1.1 STATEMENT OF THE PROBLEM
have always opined that political developments in Nigeria have historical and
colonial under pinning''''. This statement is an incontrovertible fact. The issue
of the politicization in Northern Nigeria in particular and the nation in
general is one of them. From the colonial days although the formation of the
Jamia Islamiya Mautaneen Arewa (JIMA) which was formed and led by Dr. R. A.B. Dikko
a Christian) which later became Northern People''''s Congress and was hijacked by
the Northern oligarchy, religion has been politicized by politicians in
Northern Nigeria to score political goals. This is because religion appeals to
the emotion and psychology of the people and spurs various reactions usually
violent reactions as seen in the various riots like the Sharia riot that had to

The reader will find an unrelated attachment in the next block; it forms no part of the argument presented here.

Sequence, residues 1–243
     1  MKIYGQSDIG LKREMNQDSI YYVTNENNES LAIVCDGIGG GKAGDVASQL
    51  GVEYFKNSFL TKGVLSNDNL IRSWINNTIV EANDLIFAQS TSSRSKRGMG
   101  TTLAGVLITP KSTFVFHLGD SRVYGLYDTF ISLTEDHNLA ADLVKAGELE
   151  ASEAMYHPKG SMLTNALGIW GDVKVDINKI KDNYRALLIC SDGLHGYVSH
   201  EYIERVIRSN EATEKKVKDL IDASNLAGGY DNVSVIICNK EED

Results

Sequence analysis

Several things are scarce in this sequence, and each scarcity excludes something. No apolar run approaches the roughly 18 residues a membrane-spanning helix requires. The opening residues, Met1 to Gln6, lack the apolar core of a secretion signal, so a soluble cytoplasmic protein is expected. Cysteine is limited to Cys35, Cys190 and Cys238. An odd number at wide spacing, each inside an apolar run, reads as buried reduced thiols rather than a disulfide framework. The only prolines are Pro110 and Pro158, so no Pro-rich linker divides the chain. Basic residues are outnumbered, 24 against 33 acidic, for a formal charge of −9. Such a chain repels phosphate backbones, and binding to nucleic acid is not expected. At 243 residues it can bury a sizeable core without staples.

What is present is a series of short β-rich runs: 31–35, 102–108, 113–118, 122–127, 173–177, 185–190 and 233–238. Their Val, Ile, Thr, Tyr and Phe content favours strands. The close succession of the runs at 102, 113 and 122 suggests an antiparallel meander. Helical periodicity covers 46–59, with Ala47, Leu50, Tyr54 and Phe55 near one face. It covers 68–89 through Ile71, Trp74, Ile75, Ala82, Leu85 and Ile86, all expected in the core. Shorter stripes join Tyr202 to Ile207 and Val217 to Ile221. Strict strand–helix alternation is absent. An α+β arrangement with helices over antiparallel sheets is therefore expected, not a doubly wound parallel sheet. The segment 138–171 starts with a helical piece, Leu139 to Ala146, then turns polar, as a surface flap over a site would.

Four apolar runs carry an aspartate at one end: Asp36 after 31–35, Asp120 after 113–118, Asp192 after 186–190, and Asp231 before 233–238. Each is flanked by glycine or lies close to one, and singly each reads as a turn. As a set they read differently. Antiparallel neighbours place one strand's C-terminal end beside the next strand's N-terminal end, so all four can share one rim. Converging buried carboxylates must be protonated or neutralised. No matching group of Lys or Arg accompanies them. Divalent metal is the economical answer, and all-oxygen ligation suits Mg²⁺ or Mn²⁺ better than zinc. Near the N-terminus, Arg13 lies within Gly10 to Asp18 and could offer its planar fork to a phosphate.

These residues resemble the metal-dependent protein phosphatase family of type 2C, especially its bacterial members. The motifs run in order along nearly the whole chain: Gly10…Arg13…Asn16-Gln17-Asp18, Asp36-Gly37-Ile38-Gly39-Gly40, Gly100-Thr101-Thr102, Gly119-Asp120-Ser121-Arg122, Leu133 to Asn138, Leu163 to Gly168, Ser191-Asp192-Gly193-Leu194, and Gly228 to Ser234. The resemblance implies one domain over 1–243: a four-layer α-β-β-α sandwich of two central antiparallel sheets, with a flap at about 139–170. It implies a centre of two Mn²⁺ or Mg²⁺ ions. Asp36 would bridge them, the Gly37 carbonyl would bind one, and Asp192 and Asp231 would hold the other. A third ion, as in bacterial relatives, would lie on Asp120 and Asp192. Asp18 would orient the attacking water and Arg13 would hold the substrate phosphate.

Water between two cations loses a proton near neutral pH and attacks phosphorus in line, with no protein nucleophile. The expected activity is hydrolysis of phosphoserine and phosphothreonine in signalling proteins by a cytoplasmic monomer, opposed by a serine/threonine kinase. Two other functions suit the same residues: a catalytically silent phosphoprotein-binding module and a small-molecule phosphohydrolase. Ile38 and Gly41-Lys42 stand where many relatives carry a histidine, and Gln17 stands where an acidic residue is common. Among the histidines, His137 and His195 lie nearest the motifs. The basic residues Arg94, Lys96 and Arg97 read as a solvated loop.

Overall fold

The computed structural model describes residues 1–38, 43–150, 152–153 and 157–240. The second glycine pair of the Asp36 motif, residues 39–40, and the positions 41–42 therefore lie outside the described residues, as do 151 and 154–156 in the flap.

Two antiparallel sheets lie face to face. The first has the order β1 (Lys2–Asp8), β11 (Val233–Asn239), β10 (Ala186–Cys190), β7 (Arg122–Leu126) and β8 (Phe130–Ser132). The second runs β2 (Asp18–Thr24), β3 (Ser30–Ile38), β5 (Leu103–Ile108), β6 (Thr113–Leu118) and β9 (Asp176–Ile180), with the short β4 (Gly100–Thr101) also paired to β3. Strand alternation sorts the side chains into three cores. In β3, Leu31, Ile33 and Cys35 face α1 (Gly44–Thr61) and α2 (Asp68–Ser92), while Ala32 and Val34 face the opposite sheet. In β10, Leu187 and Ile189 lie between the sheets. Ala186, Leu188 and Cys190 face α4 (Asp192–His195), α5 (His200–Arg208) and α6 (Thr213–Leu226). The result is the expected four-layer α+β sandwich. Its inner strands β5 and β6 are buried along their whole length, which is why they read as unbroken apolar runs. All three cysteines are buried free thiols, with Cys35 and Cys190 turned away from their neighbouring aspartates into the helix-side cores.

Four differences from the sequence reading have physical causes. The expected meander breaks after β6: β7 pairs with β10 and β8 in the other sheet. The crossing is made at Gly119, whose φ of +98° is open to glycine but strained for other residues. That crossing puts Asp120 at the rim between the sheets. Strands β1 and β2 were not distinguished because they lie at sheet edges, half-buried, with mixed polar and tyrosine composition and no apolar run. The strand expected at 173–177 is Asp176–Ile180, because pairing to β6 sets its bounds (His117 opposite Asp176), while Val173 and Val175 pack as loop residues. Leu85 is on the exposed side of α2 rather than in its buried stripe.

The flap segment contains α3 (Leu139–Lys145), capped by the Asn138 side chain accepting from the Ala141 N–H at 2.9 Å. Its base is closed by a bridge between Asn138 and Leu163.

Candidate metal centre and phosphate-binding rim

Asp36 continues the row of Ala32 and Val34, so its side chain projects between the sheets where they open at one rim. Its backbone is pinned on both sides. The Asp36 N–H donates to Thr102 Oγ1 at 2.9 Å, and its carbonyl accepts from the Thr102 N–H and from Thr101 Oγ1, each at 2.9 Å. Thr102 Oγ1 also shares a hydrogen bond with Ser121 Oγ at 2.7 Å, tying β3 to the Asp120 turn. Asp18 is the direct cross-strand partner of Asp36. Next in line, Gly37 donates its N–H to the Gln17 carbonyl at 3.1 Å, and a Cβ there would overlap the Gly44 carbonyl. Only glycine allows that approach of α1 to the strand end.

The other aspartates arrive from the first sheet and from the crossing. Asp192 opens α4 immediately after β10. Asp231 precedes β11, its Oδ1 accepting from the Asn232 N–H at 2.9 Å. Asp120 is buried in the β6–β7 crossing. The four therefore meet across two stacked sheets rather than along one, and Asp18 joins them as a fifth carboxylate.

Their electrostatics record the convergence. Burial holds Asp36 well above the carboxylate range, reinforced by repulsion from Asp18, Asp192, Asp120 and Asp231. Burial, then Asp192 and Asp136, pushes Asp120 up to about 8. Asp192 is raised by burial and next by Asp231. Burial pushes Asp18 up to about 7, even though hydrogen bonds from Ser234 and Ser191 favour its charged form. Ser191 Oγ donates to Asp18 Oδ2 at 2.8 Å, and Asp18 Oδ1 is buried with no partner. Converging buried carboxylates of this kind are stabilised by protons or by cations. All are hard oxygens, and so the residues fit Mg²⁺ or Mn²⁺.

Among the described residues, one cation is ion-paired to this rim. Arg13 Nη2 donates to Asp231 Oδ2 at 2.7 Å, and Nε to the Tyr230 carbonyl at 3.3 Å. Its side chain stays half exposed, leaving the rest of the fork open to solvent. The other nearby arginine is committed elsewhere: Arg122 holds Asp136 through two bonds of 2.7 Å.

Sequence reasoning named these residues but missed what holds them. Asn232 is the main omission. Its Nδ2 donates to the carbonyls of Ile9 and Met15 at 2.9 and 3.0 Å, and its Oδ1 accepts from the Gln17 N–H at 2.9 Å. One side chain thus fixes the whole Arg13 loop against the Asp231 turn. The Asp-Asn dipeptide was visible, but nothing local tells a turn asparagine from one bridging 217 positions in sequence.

do with religion in Northern part of the country.
Religious riots have
often threatened the foundation of Nigerian unity such occasions have been
followed by calls for the victims of such riots to come back to their home,
where they can''''t be assured of their protection and safety. This has
implications national integration. There are clear indications that religion
will in the near future play a dominant role in the election of appointment of
political leaders from that part of the country.
What is the effect of
politicized religion on the nation''''s federalism in general and Northern Nigeria
in particular? This is what this project tends to unravel.
1.2 OBJECTIVES OF THE STUDY
1. To identify the immediate and remote
causes of the politicization of religion in Northern Nigeria.